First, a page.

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How Ace-Inhibitors Help Heart Patients

By: Jo Johnson - Updated: 27 Feb 2013 | comments*Discuss
 
Ace-inhibitors Angiotensin I Angiotensin

The term ACE-Inhibitor stands for angiotensin-converting enzyme inhibitor and these are drugs most commonly prescribed to those with high blood pressure or congestive heart failure (CHD).

What are They Exactly and How do They Work?

Angiotensin I is a substance we all have naturally in our body. When this is released it is converted into angiotensin II by another substance called Angiotensin Converting Enzyme (ACE). Angiotensin II is necessary when we need our blood vessels to narrow (vasoconstrict) and raise our blood pressure. The substance called ACE is also important in the control of how much blood we have in our vessels.

ACE-Inhibitors block the conversion of angiotensin I to angiotensin II. The effect of this is that the blood pressure is reduced meaning the force of the blood through the vessels is decreased. This helps cardiac function by lessening the amount of work the heart has to do as it doesn’t need to beat as strongly as it did when the blood vessels were narrower.

In addition, by reducing the amount of blood volume we have also means there is less blood for the heart to process, further decreasing its work.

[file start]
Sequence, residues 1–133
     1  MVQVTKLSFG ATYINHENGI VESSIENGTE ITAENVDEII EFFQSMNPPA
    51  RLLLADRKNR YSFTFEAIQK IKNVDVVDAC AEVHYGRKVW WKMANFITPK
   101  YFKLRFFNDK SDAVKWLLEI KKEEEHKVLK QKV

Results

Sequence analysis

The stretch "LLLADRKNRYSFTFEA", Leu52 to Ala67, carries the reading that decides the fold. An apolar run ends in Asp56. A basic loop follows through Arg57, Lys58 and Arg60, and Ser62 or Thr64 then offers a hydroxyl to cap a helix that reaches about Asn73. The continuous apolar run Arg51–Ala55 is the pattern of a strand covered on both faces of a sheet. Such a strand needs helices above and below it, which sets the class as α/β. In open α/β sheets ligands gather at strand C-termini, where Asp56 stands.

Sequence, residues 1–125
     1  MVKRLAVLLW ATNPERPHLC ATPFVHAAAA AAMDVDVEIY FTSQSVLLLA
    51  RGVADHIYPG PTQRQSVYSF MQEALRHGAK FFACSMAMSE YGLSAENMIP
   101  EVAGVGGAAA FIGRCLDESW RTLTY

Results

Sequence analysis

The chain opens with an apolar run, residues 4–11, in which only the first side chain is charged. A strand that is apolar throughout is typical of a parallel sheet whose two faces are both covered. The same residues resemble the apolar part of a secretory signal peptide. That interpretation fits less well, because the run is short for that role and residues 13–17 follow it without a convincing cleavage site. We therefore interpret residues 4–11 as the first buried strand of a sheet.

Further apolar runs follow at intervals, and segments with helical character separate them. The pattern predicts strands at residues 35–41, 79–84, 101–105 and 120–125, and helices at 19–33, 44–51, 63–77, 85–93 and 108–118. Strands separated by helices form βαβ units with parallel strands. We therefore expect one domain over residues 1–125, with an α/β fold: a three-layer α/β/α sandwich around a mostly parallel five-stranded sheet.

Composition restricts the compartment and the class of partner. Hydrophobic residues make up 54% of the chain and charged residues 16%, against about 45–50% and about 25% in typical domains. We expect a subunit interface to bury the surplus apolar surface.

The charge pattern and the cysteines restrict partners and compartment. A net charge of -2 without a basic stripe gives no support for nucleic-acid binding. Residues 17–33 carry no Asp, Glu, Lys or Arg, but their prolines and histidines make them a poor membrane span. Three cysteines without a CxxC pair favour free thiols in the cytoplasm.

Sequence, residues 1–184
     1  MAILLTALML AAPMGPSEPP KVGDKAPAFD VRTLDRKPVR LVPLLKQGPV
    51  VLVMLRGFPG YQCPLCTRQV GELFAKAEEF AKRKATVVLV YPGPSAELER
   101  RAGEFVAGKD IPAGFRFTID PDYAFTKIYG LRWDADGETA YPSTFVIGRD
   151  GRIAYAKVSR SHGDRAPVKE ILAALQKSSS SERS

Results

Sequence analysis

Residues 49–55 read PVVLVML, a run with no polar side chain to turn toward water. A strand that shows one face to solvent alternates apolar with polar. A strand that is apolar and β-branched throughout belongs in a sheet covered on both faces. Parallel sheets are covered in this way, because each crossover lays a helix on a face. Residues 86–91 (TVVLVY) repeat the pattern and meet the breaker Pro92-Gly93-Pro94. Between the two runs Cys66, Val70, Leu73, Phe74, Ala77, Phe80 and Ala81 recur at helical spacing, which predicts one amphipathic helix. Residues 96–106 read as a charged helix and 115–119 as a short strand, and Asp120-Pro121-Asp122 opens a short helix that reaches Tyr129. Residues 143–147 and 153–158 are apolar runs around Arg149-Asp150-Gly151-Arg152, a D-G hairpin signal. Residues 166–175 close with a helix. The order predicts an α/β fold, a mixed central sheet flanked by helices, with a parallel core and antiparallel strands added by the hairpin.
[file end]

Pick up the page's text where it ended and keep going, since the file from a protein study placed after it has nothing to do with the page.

These drugs are used in the treatment of almost all patients with congestive heart failure and frequently for those with high blood pressure that has not decreased by altering lifestyle or using other medications.

What Other Medications do I Need?

High blood pressure can be tackled in many ways and the type of treatment you are offered will depend on the cause of your high blood pressure so it is common for these patients to take different drugs to others with the same condition.

In the treatment of congestive heart failure, it is almost certain that you will need a water tablet (diuretic) as well, in order to reduce the excess fluids that can build up in the tissues as a symptom of the illness.

Do They Have any Side-effects?

As ACE-Inhibitors work by reducing your blood pressure, extra care will have to be taken when moving suddenly, especially when assuming a standing position after sitting or lying down. These actions cause changes in the blood pressure of all of us, but for those on ACE-Inhibitors, the drop can be very sudden and quite severe causing dizziness or feeling faint.

Suffering from a dry and annoying cough is a common side-effect of the taking these drugs so ease with lozenges and sipping lots of water throughout the day.

Always take your medication as prescribed and do not take more than the prescribed dose even if you have missed an earlier tablet.

If you are taking water tablets, try and take these in the morning so your bladder can be emptied during the day instead of during the night which can leave you feeling even more tired and lethargic the next day.

Keep a diary of weekly weight as this will indicate whether you water tablets are working correctly determining whether your prescribed dose is sufficient for your needs.

ACE-Inhibitors are very powerful drugs and alter the pressure at which your blood is being forced through your blood vessels. By lessening this pressure the workload on the heart is reduced as each beat can be performed with less force.

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